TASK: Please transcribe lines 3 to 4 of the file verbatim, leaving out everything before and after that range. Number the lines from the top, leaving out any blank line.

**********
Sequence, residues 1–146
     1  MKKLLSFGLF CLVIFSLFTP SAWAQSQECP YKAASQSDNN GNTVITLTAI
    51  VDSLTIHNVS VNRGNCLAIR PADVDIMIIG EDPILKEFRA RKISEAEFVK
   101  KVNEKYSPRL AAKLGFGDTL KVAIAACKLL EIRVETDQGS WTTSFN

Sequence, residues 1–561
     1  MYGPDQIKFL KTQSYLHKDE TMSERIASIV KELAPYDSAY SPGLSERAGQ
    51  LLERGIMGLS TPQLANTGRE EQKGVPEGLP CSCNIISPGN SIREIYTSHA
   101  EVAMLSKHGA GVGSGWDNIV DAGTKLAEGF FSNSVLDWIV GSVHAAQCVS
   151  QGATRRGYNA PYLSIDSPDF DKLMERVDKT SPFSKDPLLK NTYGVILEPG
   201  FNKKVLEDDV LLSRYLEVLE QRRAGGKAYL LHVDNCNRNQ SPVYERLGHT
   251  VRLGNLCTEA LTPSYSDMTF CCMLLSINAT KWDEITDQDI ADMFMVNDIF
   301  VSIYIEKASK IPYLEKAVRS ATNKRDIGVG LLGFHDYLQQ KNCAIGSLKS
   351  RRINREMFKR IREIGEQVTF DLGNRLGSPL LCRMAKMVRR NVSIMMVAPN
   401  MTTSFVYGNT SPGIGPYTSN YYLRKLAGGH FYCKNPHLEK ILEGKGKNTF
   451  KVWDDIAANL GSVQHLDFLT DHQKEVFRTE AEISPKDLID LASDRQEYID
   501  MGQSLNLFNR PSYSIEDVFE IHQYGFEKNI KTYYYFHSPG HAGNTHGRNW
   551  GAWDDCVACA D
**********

    51  VDSLTIHNVS VNRGNCLAIR PADVDIMIIG EDPILKEFRA RKISEAEFVK
   101  KVNEKYSPRL AAKLGFGDTL KVAIAACKLL EIRVETDQGS WTTSFN